Eight months ago, sitting under a lovely afternoon sun outside Kreeda, his elegant Bangalore bungalow, Anil Kumble casually said he didn’t think he would last out the year, career wise. “I’m hoping to make it to the Australian series this October,” he added, equally casually, “but it depends on my body”.
Even given the fact that India’s captain was nursing a side-strain at the moment, it was a bit of a stunner. After all, Kumble had just returned from a dramatic tour of Australia, where India had more than held their own, on and off the field and a lot of that had to do with Kumble’s assured captaincy.
That Bangalore day, he grinned as wife Chethana disapprovingly commented, “He needs to think about himself”. “She’s being a wife,” he quipped, smiling at the woman he dubbed his “support system” and “partner in everything”. And then the smile became more wry. “What do I do?” he asked. “I’m exhausted. The last tour was very tough, mentally and physically and though I desperately want to play, I have to see how much I can take. I’ll know when it’s time to say goodbye.”
He made it to this Australia series, but didn’t last the distance. On Saturday at the Kotla, with 11 stitches in his hand and a Trophy-deciding Test ahead, Kumble bid a graceful adieu.
Kumble had anyway decided to quit after the fourth Test but decided it didn't make sense staying on under the circumstances. "The stitches would only come out on November 8, which would be the third day of the Nagpur Test," he said. “I don't think it was easy for me to bat or field. I wouldn't have been 100 per cent and I didn't want to let the team down.”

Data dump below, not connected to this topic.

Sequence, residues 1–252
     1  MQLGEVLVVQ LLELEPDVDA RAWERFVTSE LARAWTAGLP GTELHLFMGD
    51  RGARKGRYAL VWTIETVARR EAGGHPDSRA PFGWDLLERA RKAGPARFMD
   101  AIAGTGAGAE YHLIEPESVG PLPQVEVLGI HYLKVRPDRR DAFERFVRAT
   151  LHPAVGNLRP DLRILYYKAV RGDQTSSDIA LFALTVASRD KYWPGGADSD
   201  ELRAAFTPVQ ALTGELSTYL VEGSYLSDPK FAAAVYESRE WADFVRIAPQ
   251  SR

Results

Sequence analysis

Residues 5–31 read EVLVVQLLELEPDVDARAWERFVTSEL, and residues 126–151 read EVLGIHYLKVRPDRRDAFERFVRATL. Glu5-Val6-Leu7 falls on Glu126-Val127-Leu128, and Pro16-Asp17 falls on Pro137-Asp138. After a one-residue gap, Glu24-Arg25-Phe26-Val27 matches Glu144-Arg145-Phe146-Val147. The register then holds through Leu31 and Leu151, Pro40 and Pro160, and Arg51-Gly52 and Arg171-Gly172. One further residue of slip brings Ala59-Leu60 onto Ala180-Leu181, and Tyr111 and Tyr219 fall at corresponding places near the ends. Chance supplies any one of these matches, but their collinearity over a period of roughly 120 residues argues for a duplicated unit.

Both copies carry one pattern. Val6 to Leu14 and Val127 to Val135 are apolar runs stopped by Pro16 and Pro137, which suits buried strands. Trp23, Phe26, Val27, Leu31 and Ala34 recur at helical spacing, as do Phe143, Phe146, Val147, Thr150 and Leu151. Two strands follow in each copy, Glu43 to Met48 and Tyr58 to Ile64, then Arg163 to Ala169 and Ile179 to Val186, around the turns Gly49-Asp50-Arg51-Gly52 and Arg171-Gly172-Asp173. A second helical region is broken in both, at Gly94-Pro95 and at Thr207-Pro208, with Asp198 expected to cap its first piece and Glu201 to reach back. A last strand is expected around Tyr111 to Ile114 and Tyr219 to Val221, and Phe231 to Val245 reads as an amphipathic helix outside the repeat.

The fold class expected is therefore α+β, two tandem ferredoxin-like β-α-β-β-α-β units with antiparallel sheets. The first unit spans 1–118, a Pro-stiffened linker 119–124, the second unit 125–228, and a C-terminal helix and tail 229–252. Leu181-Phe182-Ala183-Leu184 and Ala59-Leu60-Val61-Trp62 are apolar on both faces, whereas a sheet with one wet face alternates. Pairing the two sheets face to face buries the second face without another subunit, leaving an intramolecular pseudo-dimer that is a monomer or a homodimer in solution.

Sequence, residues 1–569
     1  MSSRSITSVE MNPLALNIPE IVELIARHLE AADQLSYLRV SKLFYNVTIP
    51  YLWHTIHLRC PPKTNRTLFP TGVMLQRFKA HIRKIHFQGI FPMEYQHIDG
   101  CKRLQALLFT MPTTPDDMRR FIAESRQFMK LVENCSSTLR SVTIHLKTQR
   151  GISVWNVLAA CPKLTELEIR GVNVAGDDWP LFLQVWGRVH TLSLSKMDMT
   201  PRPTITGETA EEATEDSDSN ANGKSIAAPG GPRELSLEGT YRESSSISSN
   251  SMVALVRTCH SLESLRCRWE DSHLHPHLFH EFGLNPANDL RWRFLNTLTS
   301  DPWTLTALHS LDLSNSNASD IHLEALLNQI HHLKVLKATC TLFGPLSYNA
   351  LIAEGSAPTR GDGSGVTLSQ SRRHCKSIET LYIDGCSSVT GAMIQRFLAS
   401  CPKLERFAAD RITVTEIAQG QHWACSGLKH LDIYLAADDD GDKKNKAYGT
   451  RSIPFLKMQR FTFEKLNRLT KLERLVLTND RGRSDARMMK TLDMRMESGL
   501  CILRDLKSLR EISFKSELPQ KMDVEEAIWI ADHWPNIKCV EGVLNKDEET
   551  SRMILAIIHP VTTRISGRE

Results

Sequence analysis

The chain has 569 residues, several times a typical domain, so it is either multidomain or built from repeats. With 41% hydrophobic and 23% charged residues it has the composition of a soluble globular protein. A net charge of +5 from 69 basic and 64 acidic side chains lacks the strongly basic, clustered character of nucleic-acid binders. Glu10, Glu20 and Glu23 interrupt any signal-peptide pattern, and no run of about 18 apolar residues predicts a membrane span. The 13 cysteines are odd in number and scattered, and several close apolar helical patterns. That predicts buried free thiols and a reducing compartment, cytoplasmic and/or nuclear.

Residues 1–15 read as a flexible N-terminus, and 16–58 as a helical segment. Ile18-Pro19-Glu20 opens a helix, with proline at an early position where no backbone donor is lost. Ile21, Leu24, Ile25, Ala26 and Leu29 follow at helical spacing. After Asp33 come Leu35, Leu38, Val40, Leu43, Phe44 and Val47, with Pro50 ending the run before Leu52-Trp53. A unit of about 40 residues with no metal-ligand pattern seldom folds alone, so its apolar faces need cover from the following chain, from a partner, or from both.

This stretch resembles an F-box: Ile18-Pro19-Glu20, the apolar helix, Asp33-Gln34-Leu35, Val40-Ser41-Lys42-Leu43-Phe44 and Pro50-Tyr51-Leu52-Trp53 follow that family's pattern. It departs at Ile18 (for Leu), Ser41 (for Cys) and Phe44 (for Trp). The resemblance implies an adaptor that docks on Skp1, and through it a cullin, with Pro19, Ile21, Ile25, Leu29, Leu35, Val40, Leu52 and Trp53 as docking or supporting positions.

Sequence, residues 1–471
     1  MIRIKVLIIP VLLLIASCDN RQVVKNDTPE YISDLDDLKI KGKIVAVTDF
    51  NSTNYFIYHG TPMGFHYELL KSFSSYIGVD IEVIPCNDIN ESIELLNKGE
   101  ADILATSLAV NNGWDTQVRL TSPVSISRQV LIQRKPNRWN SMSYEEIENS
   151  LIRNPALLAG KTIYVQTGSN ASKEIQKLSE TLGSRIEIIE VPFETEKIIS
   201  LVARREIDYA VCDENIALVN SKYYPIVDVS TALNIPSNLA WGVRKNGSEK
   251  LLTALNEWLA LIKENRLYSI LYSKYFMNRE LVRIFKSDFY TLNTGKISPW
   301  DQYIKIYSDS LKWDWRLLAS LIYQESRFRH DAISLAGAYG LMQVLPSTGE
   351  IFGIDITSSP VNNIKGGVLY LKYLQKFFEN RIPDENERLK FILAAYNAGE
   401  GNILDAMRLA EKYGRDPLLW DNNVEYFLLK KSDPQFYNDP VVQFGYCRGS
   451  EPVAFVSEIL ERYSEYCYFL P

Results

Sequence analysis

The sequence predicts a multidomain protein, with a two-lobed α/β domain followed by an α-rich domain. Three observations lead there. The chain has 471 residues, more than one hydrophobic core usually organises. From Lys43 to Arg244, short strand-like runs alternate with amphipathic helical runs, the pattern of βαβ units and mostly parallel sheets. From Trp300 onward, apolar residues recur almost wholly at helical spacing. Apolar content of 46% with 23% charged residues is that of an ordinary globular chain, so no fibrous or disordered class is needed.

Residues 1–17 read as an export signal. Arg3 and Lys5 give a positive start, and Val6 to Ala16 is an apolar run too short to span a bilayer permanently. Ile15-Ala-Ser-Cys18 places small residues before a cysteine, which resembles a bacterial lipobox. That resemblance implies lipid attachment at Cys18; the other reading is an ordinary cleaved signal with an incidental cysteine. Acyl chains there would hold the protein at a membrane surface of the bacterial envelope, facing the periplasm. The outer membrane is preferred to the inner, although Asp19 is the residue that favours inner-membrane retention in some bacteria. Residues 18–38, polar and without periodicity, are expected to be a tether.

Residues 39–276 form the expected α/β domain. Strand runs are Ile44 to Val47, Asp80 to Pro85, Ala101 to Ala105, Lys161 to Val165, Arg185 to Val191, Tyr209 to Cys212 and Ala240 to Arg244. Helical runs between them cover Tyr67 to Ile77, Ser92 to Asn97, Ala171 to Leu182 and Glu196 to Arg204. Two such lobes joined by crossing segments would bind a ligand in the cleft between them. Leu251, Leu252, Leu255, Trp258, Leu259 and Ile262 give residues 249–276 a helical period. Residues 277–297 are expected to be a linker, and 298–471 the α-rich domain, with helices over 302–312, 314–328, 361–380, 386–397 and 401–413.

It was typical of a man with a stalwart individual career, who unassumingly said he'd like to be remembered instead for being the quintessential team man. “I definitely put the team above self, right through my career.”
And he did, even if he was criticised for that and everything else right through the 18 years that he represented India. Records and events show him as India's greatest match-winner but time and time again, his momentous deeds were forgotten and he was used for target practice. Did all the criticism faze Kumble? "No," he always stated publicly. "That's a sportsman's life".
In private though, he would be frustrated with the state of affairs, but other than a recent column in HT last month when he made that anger obvious, that frustration was channelled into his bowling. "There's no point in letting what people say get to you, though we're all human, so it's hard sometimes," he would say. What made it better was the fact that the leg-spinner loved a challenge. Any challenge.
Given the cap when no one else wanted it in the eventide of an outstanding career, and believed to be merely filling in till M.S. Dhoni was ready, Kumble reinvented the captain's seat to fit the man, and the team to measure up to his high standards.
He had a clear vision for India. Almost a year ago, last November, in the team hotel here in Delhi, Kumble presented a three-page note to his mates, a stated vision that he believed could serve as guidelines for future generations of cricketers. It was something that had not been done before, not in this detailed format. But again, it was typical of Kumble, an organised man who believed in the importance of leaving a legacy.
The symbolism of Dhoni carrying Kumble on his shoulders at the Kotla today was not lost on anyone. For the team Dhoni will carry forward was a team that owes a lot of its "oneness" to Kumble, the captain. The one thing missing in Dhoni's team of course, will be Kumble, the tireless player, India's man for all seasons.